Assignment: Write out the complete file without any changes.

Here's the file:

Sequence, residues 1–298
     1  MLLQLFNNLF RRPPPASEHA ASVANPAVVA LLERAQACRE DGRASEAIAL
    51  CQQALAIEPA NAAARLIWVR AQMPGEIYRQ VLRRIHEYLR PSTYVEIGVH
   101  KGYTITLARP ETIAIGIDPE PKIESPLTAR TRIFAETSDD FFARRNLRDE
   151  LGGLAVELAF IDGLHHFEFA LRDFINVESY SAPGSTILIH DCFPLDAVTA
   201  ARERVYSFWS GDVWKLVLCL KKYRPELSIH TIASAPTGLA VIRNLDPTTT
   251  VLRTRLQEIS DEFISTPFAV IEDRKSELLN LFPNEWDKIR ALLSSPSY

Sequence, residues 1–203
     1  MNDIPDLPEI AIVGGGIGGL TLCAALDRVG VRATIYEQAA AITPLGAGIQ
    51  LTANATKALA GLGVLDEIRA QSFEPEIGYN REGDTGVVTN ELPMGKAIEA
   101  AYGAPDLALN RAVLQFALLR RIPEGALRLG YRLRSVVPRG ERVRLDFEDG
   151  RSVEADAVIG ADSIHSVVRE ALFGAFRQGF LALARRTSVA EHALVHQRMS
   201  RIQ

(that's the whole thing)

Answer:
Sequence, residues 1–298
     1  MLLQLFNNLF RRPPPASEHA ASVANPAVVA LLERAQACRE DGRASEAIAL
    51  CQQALAIEPA NAAARLIWVR AQMPGEIYRQ VLRRIHEYLR PSTYVEIGVH
   101  KGYTITLARP ETIAIGIDPE PKIESPLTAR TRIFAETSDD FFARRNLRDE
   151  LGGLAVELAF IDGLHHFEFA LRDFINVESY SAPGSTILIH DCFPLDAVTA
   201  ARERVYSFWS GDVWKLVLCL KKYRPELSIH TIASAPTGLA VIRNLDPTTT
   251  VLRTRLQEIS DEFISTPFAV IEDRKSELLN LFPNEWDKIR ALLSSPSY

Sequence, residues 1–203
     1  MNDIPDLPEI AIVGGGIGGL TLCAALDRVG VRATIYEQAA AITPLGAGIQ
    51  LTANATKALA GLGVLDEIRA QSFEPEIGYN REGDTGVVTN ELPMGKAIEA
   101  AYGAPDLALN RAVLQFALLR RIPEGALRLG YRLRSVVPRG ERVRLDFEDG
   151  RSVEADAVIG ADSIHSVVRE ALFGAFRQGF LALARRTSVA EHALVHQRMS
   201  RIQ